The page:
The creative team behind Gotham has some good ideas, but they squeeze them into the blender that is the pilot episode and hit frappe. Watching the seedy streets of Gotham through the eyes of a tweenage Catwoman is fun for a while (before you find out that all she does is prowl Gotham when she isn’t Bruce’s creepy stalker). Then we get the Wayne death scene which feels robotic. There are a few reasons for this: uneven acting, sudden shifts in POV between the aforementioned Catwoman and Bruce Wayne, and slowing down the moment so it has an other-worldly feel when the scene occurs in real time instead of flashback. (If you wanted to show this scene in flashback form, you should have given us an adult Bruce Wayne as Batman.)
But the clunky life-altering scenes don’t stop with the Waynes’ death. A ten-year-old or so Ivy Pepper (AKA Poison Ivy AKA Pamela Isley) watches the GCPD invade her home as she tends to her plants. Ivy suffers from Gotham’s interlocking origins as her story arc ties closely with Bruce’s storyline, but she isn’t the only one. The Penguin actually takes the plunge into supervillainhood by episode’s end, and it feels rushed. Cobblepot’s cohorts tease him with a nickname, Penguin, that isn’t explained or earned (he looks more like a weasel), and his arc ties into Gordon’s and Bullock’s. You can feel The Penguin, and most other characters, getting shoehorned into the episode. Slow down, Gotham. You have an entire season to introduce these villains or the people who will become Batman’s rogue’s gallery.
Speaking of Batman’s rogues, Edward Nygma fumbles his way on-screen for a half a minute as an annoying crime scene investigator who asks too many questions or riddles, while a comedian with a love of gory jokes sweats his bodyweight on the stage in front of Fish Mooney. Could he become The Joker? Groan.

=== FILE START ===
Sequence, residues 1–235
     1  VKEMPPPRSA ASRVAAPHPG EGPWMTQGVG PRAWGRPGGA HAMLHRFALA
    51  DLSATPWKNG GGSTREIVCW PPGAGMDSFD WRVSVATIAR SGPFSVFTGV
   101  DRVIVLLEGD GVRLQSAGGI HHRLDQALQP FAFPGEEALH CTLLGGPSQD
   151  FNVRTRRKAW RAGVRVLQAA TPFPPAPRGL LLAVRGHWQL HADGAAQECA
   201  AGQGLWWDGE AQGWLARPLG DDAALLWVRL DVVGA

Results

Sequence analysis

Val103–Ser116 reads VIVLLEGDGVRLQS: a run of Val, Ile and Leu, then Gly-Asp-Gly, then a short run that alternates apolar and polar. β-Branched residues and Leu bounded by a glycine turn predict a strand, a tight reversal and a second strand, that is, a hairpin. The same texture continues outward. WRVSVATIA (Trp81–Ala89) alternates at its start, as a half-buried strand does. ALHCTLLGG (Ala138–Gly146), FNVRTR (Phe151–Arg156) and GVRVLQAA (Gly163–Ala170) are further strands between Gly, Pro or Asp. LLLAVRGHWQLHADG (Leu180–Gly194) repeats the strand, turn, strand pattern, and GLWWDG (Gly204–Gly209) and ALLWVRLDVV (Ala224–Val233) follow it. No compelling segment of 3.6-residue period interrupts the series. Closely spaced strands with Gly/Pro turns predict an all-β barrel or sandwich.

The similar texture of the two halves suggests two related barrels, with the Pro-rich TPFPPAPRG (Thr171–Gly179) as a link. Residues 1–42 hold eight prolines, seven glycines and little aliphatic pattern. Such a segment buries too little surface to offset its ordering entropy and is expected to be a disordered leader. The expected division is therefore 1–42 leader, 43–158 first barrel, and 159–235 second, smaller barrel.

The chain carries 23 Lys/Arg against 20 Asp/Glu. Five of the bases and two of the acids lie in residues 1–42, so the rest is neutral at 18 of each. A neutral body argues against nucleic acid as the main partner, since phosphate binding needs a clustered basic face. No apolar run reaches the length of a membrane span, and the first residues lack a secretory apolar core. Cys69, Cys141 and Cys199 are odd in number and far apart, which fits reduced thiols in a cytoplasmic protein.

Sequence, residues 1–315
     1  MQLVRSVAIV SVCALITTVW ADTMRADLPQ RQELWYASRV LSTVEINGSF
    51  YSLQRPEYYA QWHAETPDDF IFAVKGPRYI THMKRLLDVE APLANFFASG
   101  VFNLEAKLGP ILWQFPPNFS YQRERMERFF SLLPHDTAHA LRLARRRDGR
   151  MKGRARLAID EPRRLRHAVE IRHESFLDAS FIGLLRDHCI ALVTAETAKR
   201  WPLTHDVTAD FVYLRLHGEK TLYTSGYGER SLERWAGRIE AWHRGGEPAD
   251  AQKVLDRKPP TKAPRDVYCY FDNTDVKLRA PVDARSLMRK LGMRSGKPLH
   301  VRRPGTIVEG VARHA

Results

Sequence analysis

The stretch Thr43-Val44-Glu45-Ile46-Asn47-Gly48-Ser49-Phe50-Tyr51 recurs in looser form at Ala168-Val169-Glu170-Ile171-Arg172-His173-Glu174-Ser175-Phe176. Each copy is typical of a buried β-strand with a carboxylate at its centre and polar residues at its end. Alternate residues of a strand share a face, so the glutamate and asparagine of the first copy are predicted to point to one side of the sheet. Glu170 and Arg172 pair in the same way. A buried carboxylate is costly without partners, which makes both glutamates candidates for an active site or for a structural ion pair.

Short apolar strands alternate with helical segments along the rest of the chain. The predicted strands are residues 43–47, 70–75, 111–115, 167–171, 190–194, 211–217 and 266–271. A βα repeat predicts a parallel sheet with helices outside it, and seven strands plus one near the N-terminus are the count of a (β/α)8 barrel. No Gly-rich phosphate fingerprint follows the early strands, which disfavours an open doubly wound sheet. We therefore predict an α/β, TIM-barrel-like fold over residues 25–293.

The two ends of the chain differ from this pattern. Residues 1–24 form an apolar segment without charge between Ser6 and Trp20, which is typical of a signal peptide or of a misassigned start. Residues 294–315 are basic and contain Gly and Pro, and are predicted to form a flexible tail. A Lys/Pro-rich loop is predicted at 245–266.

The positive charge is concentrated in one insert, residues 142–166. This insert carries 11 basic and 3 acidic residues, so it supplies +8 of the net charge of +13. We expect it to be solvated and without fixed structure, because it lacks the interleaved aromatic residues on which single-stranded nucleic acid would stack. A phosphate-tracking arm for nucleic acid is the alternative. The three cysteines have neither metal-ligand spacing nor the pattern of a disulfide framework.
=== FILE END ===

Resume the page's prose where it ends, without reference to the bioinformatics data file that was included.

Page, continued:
The dichotomy of Gordon’s clean cop and Bullock’s not-so-clean cop works well, but that’s mostly because of the engaging Bullock not Gordon. While Bullock brings his patented style of moral ambiguity, perfect for Gotham’s mean streets, Detective Gordon struts around stiff, making questionable decisions. Many of Gordon’s choices are unwise (telling multiple people inside and outside of his department that they killed an innocent man and yet not filling a report), others are obtuse (anytime he speaks with Bruce Wayne: especially after the Wayne death scene), and some are flat out stupid (confronting Mooney without any back-up).
Despite all these issues, the city of Gotham feels like it should, Carmine Falcone adds a dash of pepper in the scene he has, and Bullock should be a fan favorite by season’s end.
Verdict: I remain cautiously optimistic